DENVER (CBS4) – Staff from Rose Medical Center visited McKinley-Thatcher Elementary School on Monday to teach students CPR.
The nurses also used the opportunity to teach the children about their hearts by encouraging a healthier lifestyle and the power to help save another person’s life.
“You need to know what to eat and what not to eat. You need to make sure your diet is okay,” said Ngandu Shabani, a 5th grader. “You need to know how to do this so one day a person is in danger and you can be a lifesaver.”
February is American Heart Month and nurses say this is the appropriate age to introduce CPR and other important lessons about nutrition.
Students from the third to fifth grades learned about hands-only CPR, as “mouth-to-mouth” is no longer recommended for someone who has not been certified.
The lesson also encouraged children to help an adult with CPR or show that adult how to perform it before a medical professional can arrive on scene.
“Students are very engaged, seem very excited to learn,” said Suzanne Ehler, a nurse practitioner at Rose Medical Center. “These students are picking up the compressions pretty quickly, something is better than nothing.”
Nurses demonstrated how to place one hand over the other and use your dominant hand, the one you write with, to begin compressions for two minutes.
Students used dummies to practice the method in groups at the school.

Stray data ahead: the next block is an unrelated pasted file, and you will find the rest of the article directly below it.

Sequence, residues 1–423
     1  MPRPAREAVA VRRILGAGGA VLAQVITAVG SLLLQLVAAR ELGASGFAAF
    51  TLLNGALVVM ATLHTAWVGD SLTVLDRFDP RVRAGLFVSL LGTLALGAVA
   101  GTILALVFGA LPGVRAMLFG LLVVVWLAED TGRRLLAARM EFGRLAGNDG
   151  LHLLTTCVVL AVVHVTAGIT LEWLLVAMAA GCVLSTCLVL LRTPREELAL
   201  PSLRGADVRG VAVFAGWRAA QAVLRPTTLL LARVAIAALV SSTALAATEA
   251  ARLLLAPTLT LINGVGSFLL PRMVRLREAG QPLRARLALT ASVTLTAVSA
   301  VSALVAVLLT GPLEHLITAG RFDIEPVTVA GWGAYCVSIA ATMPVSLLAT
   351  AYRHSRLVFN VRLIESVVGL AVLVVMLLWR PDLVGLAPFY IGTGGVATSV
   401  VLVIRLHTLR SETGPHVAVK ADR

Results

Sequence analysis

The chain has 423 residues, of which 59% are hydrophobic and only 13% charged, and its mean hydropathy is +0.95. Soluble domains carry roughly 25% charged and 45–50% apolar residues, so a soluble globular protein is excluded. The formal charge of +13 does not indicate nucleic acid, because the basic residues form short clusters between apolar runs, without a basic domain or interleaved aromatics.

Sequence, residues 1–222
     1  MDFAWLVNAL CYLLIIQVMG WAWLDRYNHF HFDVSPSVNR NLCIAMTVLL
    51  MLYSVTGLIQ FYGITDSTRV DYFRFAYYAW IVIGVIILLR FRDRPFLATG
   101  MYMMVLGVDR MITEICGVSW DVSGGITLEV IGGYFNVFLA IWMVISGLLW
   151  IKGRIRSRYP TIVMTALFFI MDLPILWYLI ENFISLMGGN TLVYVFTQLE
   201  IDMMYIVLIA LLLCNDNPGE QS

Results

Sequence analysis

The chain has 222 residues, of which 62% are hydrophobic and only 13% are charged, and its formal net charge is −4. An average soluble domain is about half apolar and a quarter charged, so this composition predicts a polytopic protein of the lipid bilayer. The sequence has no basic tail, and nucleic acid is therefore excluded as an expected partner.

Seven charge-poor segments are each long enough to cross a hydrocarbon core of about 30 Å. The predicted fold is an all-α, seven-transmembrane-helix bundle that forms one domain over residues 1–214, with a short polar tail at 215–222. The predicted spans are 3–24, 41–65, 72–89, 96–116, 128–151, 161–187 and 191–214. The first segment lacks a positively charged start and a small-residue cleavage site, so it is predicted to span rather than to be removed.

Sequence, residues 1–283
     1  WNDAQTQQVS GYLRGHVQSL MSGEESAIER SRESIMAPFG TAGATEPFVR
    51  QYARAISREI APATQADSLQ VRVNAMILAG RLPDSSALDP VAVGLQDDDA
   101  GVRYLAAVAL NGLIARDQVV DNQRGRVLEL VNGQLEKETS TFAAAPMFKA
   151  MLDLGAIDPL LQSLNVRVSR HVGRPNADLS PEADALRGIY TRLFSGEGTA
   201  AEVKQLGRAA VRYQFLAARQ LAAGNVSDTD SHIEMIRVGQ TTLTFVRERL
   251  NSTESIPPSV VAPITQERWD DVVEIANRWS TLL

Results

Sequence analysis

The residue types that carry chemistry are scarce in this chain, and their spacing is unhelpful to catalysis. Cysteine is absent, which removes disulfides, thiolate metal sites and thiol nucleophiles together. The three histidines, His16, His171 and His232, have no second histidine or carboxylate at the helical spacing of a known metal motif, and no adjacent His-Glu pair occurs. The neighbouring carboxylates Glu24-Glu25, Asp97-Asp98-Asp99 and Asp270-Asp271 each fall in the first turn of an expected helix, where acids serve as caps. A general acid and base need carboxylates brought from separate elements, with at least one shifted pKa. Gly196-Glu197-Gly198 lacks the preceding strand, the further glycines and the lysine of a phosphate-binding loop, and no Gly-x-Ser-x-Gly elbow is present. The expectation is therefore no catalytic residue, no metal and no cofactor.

Staff from Rose Medical Center worked with about 60 students for more than an hour. They also showed them how to listen to your heart with a stethoscope and what foods are best for their diet and what foods should be avoided or eaten in moderation.
“This is really meaningful for them,” said Kaela Evans, a third grade teacher at McKinley-Thatcher. “Today we were talking about doctors and nurses coming to our school and they were all like ‘I want to be a doctor, I want to be a nurse.'”
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Students quickly realized that CPR is a powerful tool to save a life, including a loved one.
“If it’s just me and my mom or something, and my mom needs CPR, I can do it on her and she won’t die,” said Clair Mackintosh, a third grader.
In the short term, students understood the skill they now have to help someone else. But the exposure to working professionals demonstrating what they do for their job each day shows them the ability to have a positive impact on someone else.
It also builds confidence to take action in a dangerous situation they may have been afraid of before.
“I may be like’Oh my goodness, this person is going to die,’ but then I could help that person and I could be a lifesaver,” said Shabani. “I would have the courage and the strength to do that.”